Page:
The Road To Sustainability Maturity: What’s Next On The Journey For The Supply Chain?

Claire Rychlewski, SVP at EMEA Business at Kinaxis, takes a look at the road to sustainability maturity for the supply chain.  

Sustainability is a complex and ever-evolving issue that is becoming increasingly sophisticated in the demands it places on companies. Widely accepted as both a moral and business imperative, it has elevated to a board-level priority in recent years, leading to a raft of ambitious long-term sustainability goals across global supply chains. 

However, while many companies have set top-down driven targets, a disparity exists between long-term ambition and day-to-day operations. Sustainability is not commonly operationalised or woven into the fabric of an organisation, so businesses may ultimately struggle to stay true to a coherent, durable strategy. The supply chain, in particular, has traditionally been focused on the next disruption, leaving little room for longer-term sustainability planning. 

Fortunately, the will and desire are there within organisations to successfully operationalise sustainability. This is due in part to the growing presence and influence of Generation-Z, who now make up over one-fifth of the UK workforce. Businesses are also increasingly mindful of the need to build supply chain resilience against future large-scale disruptions, in order to get their products to market. 

The operational challenge of sustainability extends beyond plugging the supply chain into top-down goals. To ensure that their long-term targets are met, businesses must look to standardise and mature their sustainability strategies by linking them into digital transformation initiatives.

Teething problems in operation

The importance of sustainability in tackling primary threats such as the climate crisis has been reinforced by the effects of the pandemic. As a result, more businesses than ever are focusing on sustainability as a key driver for post-Covid recovery. 

But for many businesses, translating board-level goals into operational execution is proving a challenge. This presents an early stumbling block on their journey to sustainability, preventing CEOs and boards from seeing the continuous improvements to structural effectiveness and digital transformation that an operationalised approach brings. 

These complications are particularly visible in the supply chain. Often deemed the “next frontier” in sustainability, supply chains are estimated to contain around 5.5 times as many greenhouse gas emissions as their company’s direct operations, according to a report from CDP. Counting emissions within a supply chain is difficult to do and is typically not standardised, which inhibits its potential for agile and mature growth. 

Despite an increased awareness of the need for operational sustainability, the Chartered Institute for Procurement and Supply (CIPS) found that 80% of supply chain managers had little to no involvement in sustainability planning or awareness of a corporate sustainability strategy. C-level commitments to sustainability are being held up by the old top-down, linear approach, so most supply chains keep depleting raw materials to make products that are discarded at the end of their life. To drive operational success and achieve tangible impacts on climate change, businesses must make sustainability core to planning and not a separate workstream.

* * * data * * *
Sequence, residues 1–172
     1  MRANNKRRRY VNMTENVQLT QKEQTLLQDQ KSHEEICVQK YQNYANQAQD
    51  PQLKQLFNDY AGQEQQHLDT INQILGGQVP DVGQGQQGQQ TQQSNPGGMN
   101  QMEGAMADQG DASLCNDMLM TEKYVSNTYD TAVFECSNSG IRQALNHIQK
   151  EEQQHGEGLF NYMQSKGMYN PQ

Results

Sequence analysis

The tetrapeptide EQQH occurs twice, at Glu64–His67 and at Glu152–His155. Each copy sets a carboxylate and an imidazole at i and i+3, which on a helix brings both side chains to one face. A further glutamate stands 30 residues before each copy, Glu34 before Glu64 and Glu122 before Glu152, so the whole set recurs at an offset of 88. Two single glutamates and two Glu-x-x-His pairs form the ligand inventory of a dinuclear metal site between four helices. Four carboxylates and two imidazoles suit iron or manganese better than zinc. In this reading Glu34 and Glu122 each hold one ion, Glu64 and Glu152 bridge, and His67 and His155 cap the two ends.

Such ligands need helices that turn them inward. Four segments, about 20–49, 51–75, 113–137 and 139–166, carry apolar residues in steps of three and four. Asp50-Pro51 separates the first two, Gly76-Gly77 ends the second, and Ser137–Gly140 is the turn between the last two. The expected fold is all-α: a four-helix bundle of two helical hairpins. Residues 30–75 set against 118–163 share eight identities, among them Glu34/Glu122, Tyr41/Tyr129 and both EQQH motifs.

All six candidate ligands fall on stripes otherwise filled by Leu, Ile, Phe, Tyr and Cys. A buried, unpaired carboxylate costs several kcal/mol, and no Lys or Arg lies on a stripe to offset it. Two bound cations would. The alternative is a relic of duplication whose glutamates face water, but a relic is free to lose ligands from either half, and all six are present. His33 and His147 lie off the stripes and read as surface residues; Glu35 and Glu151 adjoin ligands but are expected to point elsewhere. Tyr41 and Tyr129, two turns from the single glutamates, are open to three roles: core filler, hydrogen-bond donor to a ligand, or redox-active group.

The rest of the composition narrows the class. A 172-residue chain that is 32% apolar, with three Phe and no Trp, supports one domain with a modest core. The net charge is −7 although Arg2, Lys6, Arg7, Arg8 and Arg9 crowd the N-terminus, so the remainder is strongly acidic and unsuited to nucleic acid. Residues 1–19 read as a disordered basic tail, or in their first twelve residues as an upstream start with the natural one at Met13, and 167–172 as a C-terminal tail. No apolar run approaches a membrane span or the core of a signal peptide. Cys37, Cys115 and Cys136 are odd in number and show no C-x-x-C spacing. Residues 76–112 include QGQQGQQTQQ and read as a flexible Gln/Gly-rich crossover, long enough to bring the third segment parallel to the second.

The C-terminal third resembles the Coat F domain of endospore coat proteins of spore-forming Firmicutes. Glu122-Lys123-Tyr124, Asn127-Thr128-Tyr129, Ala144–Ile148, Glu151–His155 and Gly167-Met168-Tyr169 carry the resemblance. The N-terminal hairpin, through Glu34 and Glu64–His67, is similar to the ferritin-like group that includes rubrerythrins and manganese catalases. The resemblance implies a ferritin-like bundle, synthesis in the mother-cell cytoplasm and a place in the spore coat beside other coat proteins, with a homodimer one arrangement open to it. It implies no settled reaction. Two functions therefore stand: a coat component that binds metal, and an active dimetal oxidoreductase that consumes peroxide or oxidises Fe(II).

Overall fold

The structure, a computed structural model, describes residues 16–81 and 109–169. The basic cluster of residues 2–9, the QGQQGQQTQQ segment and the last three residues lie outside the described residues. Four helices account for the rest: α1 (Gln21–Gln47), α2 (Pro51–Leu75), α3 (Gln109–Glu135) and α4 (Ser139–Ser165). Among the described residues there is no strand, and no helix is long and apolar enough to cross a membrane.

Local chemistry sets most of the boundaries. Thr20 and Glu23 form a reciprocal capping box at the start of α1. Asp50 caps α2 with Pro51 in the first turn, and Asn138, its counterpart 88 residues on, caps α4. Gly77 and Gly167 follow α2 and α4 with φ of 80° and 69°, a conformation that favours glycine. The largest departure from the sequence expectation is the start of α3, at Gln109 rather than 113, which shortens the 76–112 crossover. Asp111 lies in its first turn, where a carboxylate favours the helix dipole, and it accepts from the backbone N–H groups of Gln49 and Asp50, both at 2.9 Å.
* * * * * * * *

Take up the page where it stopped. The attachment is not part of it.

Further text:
Rethinking resilience: the need for a more joined-up approach

The impact of the Covid crisis on the world’s stressed supply chains cannot be ignored. For many organisations, sustainability took a back seat in an effort to drive resilience and reliability at a time of immediate crisis. This form of disruption planning risks losing sight of greater, and more permanent, disruptions on the horizon.

As the pandemic took hold, supply chains had to become more resilient to cope with the instability of supply and demand. Now, an opportunity exists to align this resilience with an operational sustainability strategy. Businesses can reshape their supply chain to be more sustainable over the long term, delivering the efficiency and resilience needed to manage the next normal. 

To achieve this, organisations must move towards a circular supply chain. Finding ways to reduce, reuse, and recycle will strengthen resilience in both an environmental and business sense. Concurrent planning is, therefore, necessary to build a truly connected and balanced end-to-end supply chain. In the years to come, supply chains with the agility and resilience to adapt quickly to change and bounce back from adversity will demonstrate sustainability in its truest sense. 

Sustainability maturity is within reach

Accelerated digitisation can transform a siloed supply chain into a circular end-to-end digital ecosystem. Many organisations are turning to digital transformation as a means of trading outdated planning and technologies for agile modern-day solutions. This reset puts companies in the perfect position to embrace operationalised sustainability and adapt to emerging trends and threats. 

A resilient, sustainable digital supply chain does not just mitigate the risks from climate change – it also boosts efficiency, drives innovation, and reduces costs. With exciting technological developments such as artificial intelligence (AI) on the ascendant, the time is ripe to blend sustainability operations with evolving digital transformation initiatives. 

Nobody can predict the future, but the optimum planning tools are available right now. Companies that proactively budget for, invest in, and commit to robust digital planning solutions today will meet tomorrow’s disruptions with sustained resilience and agility.

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